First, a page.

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Will COVID-19 be the death of coworking spaces?

Lisa Rabasca Roepe Apr 3, 2020
Oli Scarff/Getty Images

As restrictions on movement and nonessential work take hold across the country, coworking spaces have become ghost towns. These spaces — unlike traditional offices that can require five- or 10-year terms — mostly operate on short-term leases, making it easier for tenants to walk away and leaving office-sharing companies unable to pay landlords.

“With the spaces now inaccessible, many [cowork] tenants are stopping rent payments even if their lease agreements don’t include a fully articulated force majeure clause,” said Alex F. Cohen, a real estate advisor with Compass in New York City. (A force majeure clause removes liability for unavoidable catastrophes, like the current pandemic, and restricts parties from fulfilling contractual obligations.)

“At the end of the current crisis, given, at least short-term, severe economic uncertainty, I expect new and renewed commitments to coworking space to be dramatically off original forecasts.”   

Coworking spaces have contributed to inflated rents in many cities because they account for so much of the real estate space. According to a report by Cantor Fitzgerald, companies like WeWork and Industrious have lowered office vacancy rates while raising rent costs in many cities. 

Take WeWork: With almost 9 million square feet of space, WeWork is the largest tenant in New York City, noted Adam Henick, co-founder of Current Real Estate Advisors. If even half that space is left vacant, it’s very difficult for the commercial real estate market to absorb it — especially during an economic downtown — which could result in decreased office rents.

Even before the pandemic, there had been a slowdown in office-sharing, Henick said. Last fall, there was heightened scrutiny of the business model after WeWork canceled its initial public offering

“Since WeWork’s pre-IPO debacle, there was real weakness in the segment and this was already impacting the psychology of the office leasing market, despite very favorable economic conditions,” Cohen said. 

These effects weren’t just felt in the Manhattan market. The market for shared office space was becoming oversaturated in Boulder, Colorado, according to Laura Frenkel, a commercial real estate broker for Market Real Estate, a commercial real estate firm in the city.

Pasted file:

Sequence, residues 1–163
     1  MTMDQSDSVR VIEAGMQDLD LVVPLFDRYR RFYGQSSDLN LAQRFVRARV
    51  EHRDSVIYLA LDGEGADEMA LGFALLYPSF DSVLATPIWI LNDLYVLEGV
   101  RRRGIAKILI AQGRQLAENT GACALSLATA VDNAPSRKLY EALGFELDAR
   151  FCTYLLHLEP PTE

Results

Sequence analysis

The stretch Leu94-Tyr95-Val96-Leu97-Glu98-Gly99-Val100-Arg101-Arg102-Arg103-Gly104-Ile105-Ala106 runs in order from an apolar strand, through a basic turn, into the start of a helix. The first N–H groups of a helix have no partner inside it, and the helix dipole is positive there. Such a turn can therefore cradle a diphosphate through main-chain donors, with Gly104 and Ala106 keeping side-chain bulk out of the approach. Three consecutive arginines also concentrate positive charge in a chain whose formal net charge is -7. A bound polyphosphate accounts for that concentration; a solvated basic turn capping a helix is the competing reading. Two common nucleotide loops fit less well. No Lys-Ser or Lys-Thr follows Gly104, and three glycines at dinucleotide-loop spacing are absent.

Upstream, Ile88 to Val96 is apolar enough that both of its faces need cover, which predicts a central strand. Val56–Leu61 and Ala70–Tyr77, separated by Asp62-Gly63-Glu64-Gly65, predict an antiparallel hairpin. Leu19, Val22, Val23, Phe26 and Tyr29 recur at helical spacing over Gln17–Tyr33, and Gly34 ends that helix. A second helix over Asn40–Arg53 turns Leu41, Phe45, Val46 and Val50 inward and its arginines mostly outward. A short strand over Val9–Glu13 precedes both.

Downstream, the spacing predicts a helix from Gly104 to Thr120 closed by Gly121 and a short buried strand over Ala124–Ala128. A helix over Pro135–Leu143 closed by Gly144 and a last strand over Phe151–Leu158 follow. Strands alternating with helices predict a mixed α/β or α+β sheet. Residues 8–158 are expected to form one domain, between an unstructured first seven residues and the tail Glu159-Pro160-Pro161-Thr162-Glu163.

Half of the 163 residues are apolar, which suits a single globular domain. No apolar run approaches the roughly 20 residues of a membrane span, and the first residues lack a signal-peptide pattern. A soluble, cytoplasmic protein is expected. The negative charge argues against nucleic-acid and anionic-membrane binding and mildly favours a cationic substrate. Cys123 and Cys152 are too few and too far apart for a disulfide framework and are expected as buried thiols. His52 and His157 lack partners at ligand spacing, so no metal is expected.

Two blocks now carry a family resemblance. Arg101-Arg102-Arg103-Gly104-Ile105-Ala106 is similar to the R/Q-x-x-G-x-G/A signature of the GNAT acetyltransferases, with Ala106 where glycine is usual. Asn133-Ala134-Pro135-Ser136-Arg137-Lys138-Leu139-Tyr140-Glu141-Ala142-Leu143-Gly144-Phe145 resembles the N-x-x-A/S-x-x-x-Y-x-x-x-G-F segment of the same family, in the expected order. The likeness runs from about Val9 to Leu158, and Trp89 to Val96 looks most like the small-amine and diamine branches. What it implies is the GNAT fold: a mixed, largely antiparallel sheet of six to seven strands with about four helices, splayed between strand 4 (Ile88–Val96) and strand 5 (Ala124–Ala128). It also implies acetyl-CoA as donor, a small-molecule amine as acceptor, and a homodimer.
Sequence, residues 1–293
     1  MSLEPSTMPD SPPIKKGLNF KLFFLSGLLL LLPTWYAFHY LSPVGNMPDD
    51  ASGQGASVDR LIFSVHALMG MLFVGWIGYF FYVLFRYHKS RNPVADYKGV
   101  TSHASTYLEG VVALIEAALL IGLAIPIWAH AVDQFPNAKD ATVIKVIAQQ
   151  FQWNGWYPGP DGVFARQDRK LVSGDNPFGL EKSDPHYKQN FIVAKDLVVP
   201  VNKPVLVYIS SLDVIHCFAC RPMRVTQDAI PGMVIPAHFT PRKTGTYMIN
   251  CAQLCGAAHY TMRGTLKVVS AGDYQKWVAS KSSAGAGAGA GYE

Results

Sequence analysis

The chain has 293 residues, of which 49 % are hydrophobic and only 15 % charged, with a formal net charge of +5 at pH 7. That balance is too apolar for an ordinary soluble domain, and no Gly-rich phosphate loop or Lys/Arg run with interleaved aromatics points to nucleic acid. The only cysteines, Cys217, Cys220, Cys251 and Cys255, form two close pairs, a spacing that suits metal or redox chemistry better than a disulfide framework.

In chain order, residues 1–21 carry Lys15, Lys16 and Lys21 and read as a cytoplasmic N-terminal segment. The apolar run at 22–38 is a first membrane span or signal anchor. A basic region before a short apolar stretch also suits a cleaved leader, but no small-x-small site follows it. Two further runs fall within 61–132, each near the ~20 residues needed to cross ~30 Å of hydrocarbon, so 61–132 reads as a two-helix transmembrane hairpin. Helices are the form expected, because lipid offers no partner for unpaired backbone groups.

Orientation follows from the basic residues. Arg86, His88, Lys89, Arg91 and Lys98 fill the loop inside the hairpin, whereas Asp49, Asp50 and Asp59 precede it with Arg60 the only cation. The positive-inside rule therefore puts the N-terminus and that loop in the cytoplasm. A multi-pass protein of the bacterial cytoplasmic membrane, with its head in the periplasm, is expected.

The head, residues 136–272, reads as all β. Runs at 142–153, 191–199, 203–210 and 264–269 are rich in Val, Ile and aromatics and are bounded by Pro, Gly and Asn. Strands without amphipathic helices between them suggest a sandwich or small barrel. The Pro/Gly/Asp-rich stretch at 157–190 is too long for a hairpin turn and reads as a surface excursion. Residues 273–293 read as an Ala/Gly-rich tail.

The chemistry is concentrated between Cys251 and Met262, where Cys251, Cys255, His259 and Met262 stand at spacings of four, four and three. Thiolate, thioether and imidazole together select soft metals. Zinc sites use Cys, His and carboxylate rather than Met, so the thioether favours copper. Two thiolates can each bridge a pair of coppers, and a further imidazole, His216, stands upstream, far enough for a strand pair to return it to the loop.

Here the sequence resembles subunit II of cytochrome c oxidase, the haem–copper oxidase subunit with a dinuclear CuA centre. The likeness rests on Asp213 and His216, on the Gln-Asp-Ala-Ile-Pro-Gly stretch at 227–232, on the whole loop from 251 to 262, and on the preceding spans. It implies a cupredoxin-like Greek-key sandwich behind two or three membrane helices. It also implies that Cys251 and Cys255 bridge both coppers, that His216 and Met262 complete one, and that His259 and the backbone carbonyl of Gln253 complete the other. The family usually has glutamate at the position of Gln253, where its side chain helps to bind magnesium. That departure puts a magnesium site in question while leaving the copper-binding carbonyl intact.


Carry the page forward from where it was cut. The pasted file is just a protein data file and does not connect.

“There are so many options and not enough startup tenants to fill them,” she says. As companies grow, they move out of coworking space and rent office space, Frenkel added, cheaper than a shared office though requiring a long-term lease.

Cohen in New York City said that shared-office companies overexpanded in the largest markets in the last 24 months, particularly the fastest growing players. Even before the pandemic, there was a 50% vacancy rate at Knotel locations that opened in 2019, he said. In fact, some of the larger companies, including WeWork, were beginning to pivot their business model to rent to larger, established companies between six and 12 employees, rather than focusing on single entrepreneurs, he said. However, even these leases were for 12 months or less. 

“The coworking model hasn’t been around to witness an economic shock,” Henick said. 

Real estate brokers suggest that the characteristics tenants love most about the shared office model — flexible, short-term leases and relaxed working environments — could be the ones that lead to its downfall.

Individuals can rent desks or small offices with no upfront capital and easily walk away because they aren’t spending $100,000 for build-out, furnishings, nor are they signing years-long leases, Henick said. Their only penalty might be a month’s deposit.

Even after the pandemic, the market for shared office space might remain soft, brokers say. Before this crisis, employees were beginning to question whether working in an open office plan was efficient, said Peter L. Curry, a partner at New York law firm Farrell Fritz. Add to that concern the possible health risks of being crammed together in office and that could have a substantial effect on the business model, he says. 

“This could be a blow to the expansion of the ‘WeWork’ business model,” Curry said. “There will always be a need [for coworking space] but not to the extent that it was being leased and presented to the public.”

The Wing, the female-focused coworking startup that WeWork previously had a stake in, announced today it would lay off “nearly all” of its hourly employees and half of its corporate staff.

Now that people are becoming more cognitive of personal hygiene, they may want to shift away from densely shared office space; the concept of the “hot desk,” where people randomly sit at a different desk each day, is likely to be less appealing, Henick noted. 

In order to survive, office-sharing companies will need to adjust the business model and continue their pivot toward attracting larger, more established businesses. If economic uncertainty affects hiring and growth plans, established companies might use shared office space to lower real estate costs, Henick said. A company that’s reluctant to commit to 200,000 square feet may, for example, take a long-term lease for 170,000 square feet and rent 30,000 square feet of flexible office space.

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